Google will delay construction of its data center in Pryor, Oklahoma, the company confirmed today. The $600 million facility was scheduled to be completed in early 2009, but instead will go online sometime in 2010.
The administrator of the Mid-American Industrial Park in Pryor, where Google has purchased 800 acres of land, told the Tulsa World the slowing economy was a factor in Google’s decision to push back its construction timetable. But the company said it was staggering the deployment of new data center space after bringing several projects online in recent months.
“Google’s data centers are crucial to providing fast, reliable services for our users and we’ve invested heavily in capacity to ensure we can meet existing as well as future demand,” a Google spokesperson said. “This means there is no need to make all our data centers operational from day one. We anticipate that the Pryor Creek facility will come into use within the next 12 to 18 months. Google remains committed to and excited about operating this facility in Mayes County.”
Google announced the Oklahoma data center project in May, 2007, when it purchased 800 acres of land in Pryor for a massive facility that would employ 100 workers with an average salary of $48,000. The Pryor project was the third of four data center construction projects Google announced in the first half of 2007. The search company has completed the first data center in its project in Lenoir, North Carolina and is preparing to begin production in its facility in Goose Creek, South Carolina.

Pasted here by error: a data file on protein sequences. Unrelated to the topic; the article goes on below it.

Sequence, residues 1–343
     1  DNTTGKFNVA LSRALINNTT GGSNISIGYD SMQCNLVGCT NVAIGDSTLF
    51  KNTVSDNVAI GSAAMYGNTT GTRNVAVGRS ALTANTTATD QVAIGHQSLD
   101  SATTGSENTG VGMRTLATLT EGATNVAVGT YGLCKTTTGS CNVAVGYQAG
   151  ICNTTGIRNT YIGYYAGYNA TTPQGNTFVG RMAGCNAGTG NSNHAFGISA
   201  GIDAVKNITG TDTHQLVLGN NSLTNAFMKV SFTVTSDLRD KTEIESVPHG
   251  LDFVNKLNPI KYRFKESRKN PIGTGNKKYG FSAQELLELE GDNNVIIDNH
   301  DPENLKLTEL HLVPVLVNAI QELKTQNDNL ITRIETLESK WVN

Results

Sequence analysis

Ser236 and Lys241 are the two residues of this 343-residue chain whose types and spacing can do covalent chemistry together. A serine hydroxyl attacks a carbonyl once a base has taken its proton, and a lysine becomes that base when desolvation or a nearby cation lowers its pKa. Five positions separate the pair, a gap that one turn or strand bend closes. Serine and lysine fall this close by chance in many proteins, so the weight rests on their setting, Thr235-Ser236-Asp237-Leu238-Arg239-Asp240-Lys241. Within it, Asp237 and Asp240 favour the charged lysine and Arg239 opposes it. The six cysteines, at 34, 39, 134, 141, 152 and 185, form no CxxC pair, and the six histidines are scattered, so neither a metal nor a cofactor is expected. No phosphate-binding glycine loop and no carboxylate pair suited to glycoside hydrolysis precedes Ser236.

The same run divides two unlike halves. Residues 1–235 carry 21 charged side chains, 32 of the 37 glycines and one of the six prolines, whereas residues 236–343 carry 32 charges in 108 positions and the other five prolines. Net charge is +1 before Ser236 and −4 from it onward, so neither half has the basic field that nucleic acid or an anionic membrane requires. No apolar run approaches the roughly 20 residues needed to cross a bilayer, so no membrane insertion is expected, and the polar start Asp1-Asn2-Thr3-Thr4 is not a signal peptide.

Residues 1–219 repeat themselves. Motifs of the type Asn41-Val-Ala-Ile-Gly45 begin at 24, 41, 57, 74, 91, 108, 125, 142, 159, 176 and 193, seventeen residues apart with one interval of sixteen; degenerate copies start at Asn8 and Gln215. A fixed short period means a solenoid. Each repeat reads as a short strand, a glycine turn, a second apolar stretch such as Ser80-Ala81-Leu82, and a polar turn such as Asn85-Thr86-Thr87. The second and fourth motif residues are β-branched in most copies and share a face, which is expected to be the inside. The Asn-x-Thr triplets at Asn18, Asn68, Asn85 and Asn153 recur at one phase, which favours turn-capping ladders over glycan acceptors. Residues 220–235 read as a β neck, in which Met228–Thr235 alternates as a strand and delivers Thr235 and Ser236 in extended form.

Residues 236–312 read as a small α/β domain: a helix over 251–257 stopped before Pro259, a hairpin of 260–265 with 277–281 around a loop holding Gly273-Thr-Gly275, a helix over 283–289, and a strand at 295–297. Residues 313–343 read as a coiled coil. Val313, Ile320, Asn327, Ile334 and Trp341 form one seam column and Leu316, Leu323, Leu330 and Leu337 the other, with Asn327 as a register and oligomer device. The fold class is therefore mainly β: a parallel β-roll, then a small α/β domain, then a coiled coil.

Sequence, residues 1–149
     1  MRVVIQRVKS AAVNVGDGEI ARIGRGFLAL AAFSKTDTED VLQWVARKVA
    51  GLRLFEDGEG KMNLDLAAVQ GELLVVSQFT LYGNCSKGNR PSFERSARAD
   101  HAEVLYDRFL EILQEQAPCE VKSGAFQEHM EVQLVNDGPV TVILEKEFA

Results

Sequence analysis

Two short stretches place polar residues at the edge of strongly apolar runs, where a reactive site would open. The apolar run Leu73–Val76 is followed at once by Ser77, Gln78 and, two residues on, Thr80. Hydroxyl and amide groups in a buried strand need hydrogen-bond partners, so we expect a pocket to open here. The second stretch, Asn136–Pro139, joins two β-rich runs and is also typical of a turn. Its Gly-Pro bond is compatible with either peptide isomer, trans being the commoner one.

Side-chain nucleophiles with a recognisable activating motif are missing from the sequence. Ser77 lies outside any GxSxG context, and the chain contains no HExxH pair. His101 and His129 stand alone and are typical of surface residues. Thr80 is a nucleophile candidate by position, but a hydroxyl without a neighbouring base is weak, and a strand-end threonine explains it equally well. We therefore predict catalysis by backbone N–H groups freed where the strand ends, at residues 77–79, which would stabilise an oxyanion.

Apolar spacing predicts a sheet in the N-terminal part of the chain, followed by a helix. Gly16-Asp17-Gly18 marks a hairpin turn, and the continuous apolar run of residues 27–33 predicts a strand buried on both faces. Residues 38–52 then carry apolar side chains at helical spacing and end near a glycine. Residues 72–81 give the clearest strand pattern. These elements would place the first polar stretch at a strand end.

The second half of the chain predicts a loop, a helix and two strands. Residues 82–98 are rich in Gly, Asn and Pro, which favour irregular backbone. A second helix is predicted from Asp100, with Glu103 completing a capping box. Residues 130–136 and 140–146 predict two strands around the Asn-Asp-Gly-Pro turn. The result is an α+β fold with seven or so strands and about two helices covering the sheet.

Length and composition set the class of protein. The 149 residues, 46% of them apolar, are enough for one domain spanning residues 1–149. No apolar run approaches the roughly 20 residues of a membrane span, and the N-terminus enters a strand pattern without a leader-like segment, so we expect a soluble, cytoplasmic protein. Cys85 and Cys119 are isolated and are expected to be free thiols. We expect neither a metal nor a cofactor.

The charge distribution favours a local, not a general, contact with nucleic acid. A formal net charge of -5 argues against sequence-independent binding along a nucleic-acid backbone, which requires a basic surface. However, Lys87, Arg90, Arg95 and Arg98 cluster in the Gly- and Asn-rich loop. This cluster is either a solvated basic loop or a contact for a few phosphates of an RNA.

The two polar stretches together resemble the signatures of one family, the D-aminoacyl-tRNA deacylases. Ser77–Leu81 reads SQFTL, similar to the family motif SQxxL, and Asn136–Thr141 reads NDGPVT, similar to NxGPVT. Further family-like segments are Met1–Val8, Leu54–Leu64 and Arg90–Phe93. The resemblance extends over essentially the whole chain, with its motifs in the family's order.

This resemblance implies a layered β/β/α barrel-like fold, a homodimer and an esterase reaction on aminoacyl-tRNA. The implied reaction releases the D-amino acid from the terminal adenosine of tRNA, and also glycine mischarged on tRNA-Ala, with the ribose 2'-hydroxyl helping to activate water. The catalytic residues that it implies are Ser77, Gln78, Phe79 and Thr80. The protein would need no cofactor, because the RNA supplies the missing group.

Google said the planned facility in Council Bluffs, Iowa, which was announced a month after the Oklahoma project, remains on schedule. The Iowa data center is scheduled to begin limited testing late this year and come online sometime in 2009.
The delay in the Pryor facility is the first concrete sign that Google may be moderating the pace of its data center building boom. Google spent $452 million on its infrastructure in the third quarter of 2008, which was its lowest investment in capital expenditures since the company began its data center construction effort in early 2007. The third quarter total was well below the record $842 million Google spent on its data centers in the first quarter.
On its earnings call, company officials insisted that Google would continue to invest in infrastructure, although CEO Eric Schmidt said data center spending might be “lumpy.”
While Google has many data centers, each of its recent projects has economic importance in the community where it is located. Google received both sales tax and property tax incentives from the state and local governments in Oklahoma, and legislators also passed a law allowing municipal power companies to not report power usage by their largest industrial customers – which in this case made it possible for the local utility in Pryor to not disclose Google’s energy usage.